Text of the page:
Every business needs funding, especially startups. But how can you get your hands on some? First you should do your research. If you’re approaching a venture capitalist, or a group of them, you’ll want to know what they’ve invested in and why. Timing is also important, many venture capitalists want to see a solid product and business plan—proof your company just needs capital to expand and develop business. Canadians should also be aware of all funding opportunities available, such as funding from banks, the government or non bank financial corporations.

These are just a few of the many excellent points to keep in mind when starting your own business. Overall, business is highly competitive, therefore, there has to be some serious planning before venturing into business ownership.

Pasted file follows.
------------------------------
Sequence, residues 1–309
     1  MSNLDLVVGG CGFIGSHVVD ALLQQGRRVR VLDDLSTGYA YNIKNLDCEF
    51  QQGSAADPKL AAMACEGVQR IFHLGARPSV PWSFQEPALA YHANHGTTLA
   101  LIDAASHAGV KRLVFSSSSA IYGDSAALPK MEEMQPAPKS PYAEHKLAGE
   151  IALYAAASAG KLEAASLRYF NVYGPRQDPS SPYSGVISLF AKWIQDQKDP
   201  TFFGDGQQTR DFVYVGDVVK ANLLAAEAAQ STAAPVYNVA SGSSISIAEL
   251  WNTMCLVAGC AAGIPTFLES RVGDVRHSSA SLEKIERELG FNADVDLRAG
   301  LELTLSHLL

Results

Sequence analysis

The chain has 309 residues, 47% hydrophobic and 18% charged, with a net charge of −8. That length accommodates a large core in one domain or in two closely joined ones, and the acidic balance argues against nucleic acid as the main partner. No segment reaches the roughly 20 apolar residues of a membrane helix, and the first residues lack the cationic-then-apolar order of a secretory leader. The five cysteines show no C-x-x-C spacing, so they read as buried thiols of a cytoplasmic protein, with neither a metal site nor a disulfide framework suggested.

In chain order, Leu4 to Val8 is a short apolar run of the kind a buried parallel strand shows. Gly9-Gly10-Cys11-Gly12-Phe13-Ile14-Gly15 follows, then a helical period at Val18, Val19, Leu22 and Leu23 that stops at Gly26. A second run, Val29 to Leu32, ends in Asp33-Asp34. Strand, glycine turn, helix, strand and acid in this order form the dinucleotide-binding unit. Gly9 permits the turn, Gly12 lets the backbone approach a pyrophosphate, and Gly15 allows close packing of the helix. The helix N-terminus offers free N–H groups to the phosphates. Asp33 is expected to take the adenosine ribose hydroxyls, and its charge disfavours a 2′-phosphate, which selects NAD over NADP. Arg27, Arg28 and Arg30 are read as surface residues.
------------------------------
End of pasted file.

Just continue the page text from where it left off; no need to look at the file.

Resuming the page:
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Jun 13, 2021

Marketing matters: from IBM to Kyndryl

Kate Birch
5 min
Former CMO for IBM Americas Maria Bartolome Winans was recently named CMO for Kyndryl. Maria talks about her new role and her leadership style

Former Chief Marketing Officer for IBM Americas, and an IBM veteran of more than 25 years, Maria Bartolome Winans was recently named CMO for Kyndryl.

Prior to joining Kyndryl as Chief Marketing Officer, Maria had a 25-year career at IBM, most recently as the tech giant’s CMO where she oversaw all marketing professionals and activities across North America, Canada and Latin America. She has held senior global marketing positions in a variety of disciplines and business units across IBM, most notably strategic initiatives in Smarter Cities and Watson Customer Engagement, as well as leading teams in services, business analytics, and mobile and industry solutions. She is known for her work with teams to leverage data, analytics and cloud technologies to build deeper engagements with customers and partners.